as well as developing new multiple literacies for multimedia and hypertext culture that requires one to read together images. contextualize. the role of visual images in cyberculture is growing in importance and so becoming cyberculture literate will involve learning to read. one might deploy critical perspectives engaging not only the politics of representation. notions of critical visual literacy developed in relationship to photography. and scope of the project at hand. graphics. the literacies developing in reading visual imagery in art. Reading cyberculture critically involves multiple literacies including the ability to read hypertext. I would argue that as cyberculture evolves further into the multimedia and interactive culture. philosophical. text. goals. graphics. including moving ones.Moreover. I would argue that developing critical visual literacy is an important part of computer literacy. forthcoming. that as cyberculture becomes more multimedia and interactive. or art could be deployed in analyzing the visual dynamics of cyberculture. edit. photography. but the moral. film. position. Thus. so too will visual literacy be part of the multiple literacies necessary to navigate and negotiate cyberculture. interpret. television. obviously. and organize visual imagery as part of cybercultural hypertexts. I would predict. and now moving images as well (Kellner 1998). film. and television can be used in cyberculture. just as there is a technical literacy required to use computer programs and the continued importance of print literacy necessary to navigate and communicate in cyberculture. Thus. archives and sites of visual imagery ranging from photography and art to pornography and advertising images. proliferation of television. and. Cyberculture and Multiple Literacies: The New Frontier Moving into the cultural forms of the new millennium. to read and contextualize visual representations. and aesthetic dimensions of cultural texts in which case the critical project becomes vastly richer and more complex depending. produce. Cyberculture is indeed emerging as a central cultural site that is rapidly absorbing all other media -. on the magnitude.print and hypertext. 10 . film. Indeed. and video imagery in cyberculture.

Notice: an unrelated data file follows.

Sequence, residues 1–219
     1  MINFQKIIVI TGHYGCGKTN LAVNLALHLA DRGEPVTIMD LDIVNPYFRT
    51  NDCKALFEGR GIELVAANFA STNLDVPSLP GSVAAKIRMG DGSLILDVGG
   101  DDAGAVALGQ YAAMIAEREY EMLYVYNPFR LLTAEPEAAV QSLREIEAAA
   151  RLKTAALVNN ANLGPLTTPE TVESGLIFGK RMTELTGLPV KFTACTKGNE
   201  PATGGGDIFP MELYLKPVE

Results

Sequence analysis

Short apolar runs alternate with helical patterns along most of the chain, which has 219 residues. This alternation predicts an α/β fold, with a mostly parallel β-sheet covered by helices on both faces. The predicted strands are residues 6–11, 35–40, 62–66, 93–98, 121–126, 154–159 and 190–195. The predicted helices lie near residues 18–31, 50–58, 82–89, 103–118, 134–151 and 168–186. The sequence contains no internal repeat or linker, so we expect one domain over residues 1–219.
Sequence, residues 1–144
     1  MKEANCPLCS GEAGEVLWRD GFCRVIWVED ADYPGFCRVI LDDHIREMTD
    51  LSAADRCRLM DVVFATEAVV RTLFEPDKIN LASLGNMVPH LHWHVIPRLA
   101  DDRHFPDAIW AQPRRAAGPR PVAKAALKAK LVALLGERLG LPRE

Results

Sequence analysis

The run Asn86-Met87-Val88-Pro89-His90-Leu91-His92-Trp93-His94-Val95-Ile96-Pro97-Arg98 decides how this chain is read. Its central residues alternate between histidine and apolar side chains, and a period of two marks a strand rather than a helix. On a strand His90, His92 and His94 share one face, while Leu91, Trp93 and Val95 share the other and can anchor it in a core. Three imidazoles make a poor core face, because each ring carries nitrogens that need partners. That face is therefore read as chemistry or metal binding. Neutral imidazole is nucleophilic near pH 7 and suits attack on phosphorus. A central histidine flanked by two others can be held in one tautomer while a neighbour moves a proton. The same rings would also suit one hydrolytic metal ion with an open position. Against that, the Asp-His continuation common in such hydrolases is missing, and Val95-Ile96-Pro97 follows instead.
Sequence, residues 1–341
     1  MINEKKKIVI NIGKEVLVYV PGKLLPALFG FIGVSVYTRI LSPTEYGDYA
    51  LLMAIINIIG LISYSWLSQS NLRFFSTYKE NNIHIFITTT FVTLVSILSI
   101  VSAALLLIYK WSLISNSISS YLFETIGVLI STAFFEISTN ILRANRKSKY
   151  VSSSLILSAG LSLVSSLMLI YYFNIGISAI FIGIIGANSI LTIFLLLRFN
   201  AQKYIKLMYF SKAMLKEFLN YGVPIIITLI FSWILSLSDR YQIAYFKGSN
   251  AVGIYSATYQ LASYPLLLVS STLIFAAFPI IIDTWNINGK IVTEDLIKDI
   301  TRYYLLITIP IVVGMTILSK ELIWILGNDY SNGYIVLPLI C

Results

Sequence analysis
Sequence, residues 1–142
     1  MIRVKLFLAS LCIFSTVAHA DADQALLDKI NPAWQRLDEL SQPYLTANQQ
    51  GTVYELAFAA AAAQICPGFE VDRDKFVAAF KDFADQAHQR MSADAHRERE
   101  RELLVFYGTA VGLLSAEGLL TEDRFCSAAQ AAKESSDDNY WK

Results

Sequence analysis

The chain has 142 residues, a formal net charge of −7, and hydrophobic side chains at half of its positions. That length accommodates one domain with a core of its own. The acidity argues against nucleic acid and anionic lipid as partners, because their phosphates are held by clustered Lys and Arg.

3: 245-265. Douglas (1995) Media Culture. Consequently. and the role of visual images in cybercommunication. References Best. so too does the issue of visual literacy. No.graphics. Just as print literacy takes on new saliency in cyberculture. and interpersonal communication and social relations. Vol. thus provide preconditions to producing a more democratic society. 48. to overcoming the digital divide. Thus. Douglas (1997) The Postmodern Adventure. 1: 103-122. 11. and thus to producing a better and more egalitarian society of the future (Kellner 2000). Hence. of grasping the growing importance of images and multimedia. Steven and Kellner. London and New York: Routledge and Guilford Press. This procedure engages the issue of visual design in cyberculture. critical visual literacy emerges as a key element of the multiple literacies needed to read both media culture and cyberculture. and will also provide access to participating in new modes of cultural production. and developing appropriate critical and hermeneutical perspectives on new modes of visual representation. I would include the skills of deciphering and analyzing the visual components of cyberspace. Kellner." Teaching Education. Providing these skills to all. London and New York: Routledge. Vol. ____________ (2000) "New Technologies/New Literacies: reconstructing education for the new millennium. political engagement. 11 . through a reconstruction of education. and moving images. ____________ (1998) "Multiple Literacies and Critical Pedagogy in a Multicultural Society." Educational Theory. gaining the skills of critical visual literacy provide competencies that will help individuals participate and succeed in the new economy. Nr. as part of critical computer literacy. the question of aesthetics.

Douglas and Michael Ryan 1988. Bloomington: Indiana University Press.Kellner. Schwichtenberg. Camera Politica: The Politics and Ideologies of Contemporary Hollywood Film. The Madonna Connection. Colorado. (1992) Boulder. 12 . Westview Press. Cathy. ed.